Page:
These two guys are nearly mirror images of one another.Â Each player can handle the ball on the perimeter, shoot the three, have a knack of getting on the boards, and run the floor.Â Where Landry has the advantage is with his polished game on the low block.Â He has a variety of post moves and rarely takes a bad shot.Â Hayward will have to try and neutralize Landryâ€™s post game with his quickness and leaping ability, and must stay out of foul trouble. Offensively, Haywardâ€™s perimeter play should serve as an advantage for Marquette as Landry is an improving shot blocker and will have respect Haywardâ€™s three-point range, hopefully opening up the paint for MU to attack the basket.
C: Dwight Burke vs. Keaton Nankivil
This could be the ex-factor in Saturdayâ€™s game, or has been the case most of the season, a meaningless match-up between two players who are not really that heavily involved on the offensive end and are average at best rebounders.Â Nankivil is slightly more skilled with the ball and can knock down the mid-range jumper while most of Burkeâ€™s action on offense comes off of crashing the boards and getting put-back baskets.Â It will be essential for Burke to stay out of early foul trouble as MU is very thin on the front line.
Marquette is only dressing ten players (one of which is a walk-on) due to injuries to freshman center Chris Otule and juco transfer Joseph Fulce.Â Bench play has certainly been a disappointment especially in their loss against Dayton when the Flyers reserves out-scored Marquetteâ€™s, 48-5.Â David Cubillan and Maurice Acker will need to hit some threes and keep up the pressure on the defensive end.Â Patrick Hazel and Jimmy Butler will need to stay out of foul trouble and provide some rebounding when called upon.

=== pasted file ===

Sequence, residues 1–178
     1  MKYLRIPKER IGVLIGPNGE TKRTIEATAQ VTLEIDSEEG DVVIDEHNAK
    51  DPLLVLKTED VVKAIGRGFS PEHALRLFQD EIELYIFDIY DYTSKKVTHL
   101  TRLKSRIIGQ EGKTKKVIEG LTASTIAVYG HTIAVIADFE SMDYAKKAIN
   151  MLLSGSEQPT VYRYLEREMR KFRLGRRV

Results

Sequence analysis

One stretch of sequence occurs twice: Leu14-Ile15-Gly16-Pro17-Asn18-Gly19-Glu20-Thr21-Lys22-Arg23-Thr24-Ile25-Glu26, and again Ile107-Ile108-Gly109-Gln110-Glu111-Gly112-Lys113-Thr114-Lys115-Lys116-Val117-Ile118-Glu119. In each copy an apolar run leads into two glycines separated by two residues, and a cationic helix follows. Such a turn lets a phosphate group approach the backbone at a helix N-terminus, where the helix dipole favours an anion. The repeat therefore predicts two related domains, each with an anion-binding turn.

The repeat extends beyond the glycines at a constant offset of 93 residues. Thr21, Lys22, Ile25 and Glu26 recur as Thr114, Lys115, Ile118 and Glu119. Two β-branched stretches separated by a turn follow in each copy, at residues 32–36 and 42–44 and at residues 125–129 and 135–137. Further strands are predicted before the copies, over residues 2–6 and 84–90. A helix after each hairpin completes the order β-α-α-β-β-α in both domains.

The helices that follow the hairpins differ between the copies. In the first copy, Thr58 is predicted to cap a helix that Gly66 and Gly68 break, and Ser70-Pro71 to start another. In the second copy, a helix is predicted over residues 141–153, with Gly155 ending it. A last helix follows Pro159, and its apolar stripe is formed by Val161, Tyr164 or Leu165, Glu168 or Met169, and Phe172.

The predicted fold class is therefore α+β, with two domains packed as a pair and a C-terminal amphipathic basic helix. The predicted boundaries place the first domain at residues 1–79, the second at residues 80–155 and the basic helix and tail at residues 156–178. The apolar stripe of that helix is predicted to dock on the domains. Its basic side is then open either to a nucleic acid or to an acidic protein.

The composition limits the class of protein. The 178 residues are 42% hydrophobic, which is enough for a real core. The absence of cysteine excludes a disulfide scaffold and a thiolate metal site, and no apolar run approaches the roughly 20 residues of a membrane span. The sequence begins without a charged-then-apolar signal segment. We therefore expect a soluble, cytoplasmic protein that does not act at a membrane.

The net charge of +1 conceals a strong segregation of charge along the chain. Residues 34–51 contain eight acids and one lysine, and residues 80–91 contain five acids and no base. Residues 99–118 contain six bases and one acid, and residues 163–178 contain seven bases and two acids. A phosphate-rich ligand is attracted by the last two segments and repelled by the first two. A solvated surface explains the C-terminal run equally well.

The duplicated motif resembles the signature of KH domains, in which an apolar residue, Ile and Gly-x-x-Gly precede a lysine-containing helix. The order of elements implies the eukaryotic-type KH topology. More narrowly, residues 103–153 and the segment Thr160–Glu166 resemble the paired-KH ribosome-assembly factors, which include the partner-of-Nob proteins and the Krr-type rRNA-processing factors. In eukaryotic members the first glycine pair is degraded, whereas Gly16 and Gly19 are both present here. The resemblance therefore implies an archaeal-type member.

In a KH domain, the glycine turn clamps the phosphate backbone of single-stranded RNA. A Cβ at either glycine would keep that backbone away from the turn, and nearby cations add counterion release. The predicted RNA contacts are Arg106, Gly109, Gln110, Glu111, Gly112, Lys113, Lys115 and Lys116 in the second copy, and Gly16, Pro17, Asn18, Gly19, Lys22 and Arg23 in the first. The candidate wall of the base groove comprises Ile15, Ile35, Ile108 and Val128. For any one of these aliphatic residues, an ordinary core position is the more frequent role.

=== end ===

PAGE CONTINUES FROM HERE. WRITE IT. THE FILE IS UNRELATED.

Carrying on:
Wisconsin has gotten tremendous contributions from their sixth man, 6-10 sophomore Jon Leuer.Â He is a dangerous three-point shooter, but also added some strength to his thin frame and has shown the ability to attack and finish at the rim.Â Freshman point guard Jordan Taylor doesnâ€™t run the offense like a rookie, though he is not much of a threat as a scorer.Â Tim Jarmusz and Rob Wilson have both played quality minutes on the wing and can knock down the triple.
Prediction: Marquette 74, Wisconsin 65
I really think Marquetteâ€™s defensive pressure on the perimeter will be too much for the Badgers to handle and MU should be able to take advantage with their fast break.Â If the Golden Eagles donâ€™t take a page from the Wisconsin-UConn game in that manner, I would be shocked.Â Three-point shooting could be the difference maker if either team gets the hot hand or conversely goes cold from downtown.Follow paulmbanks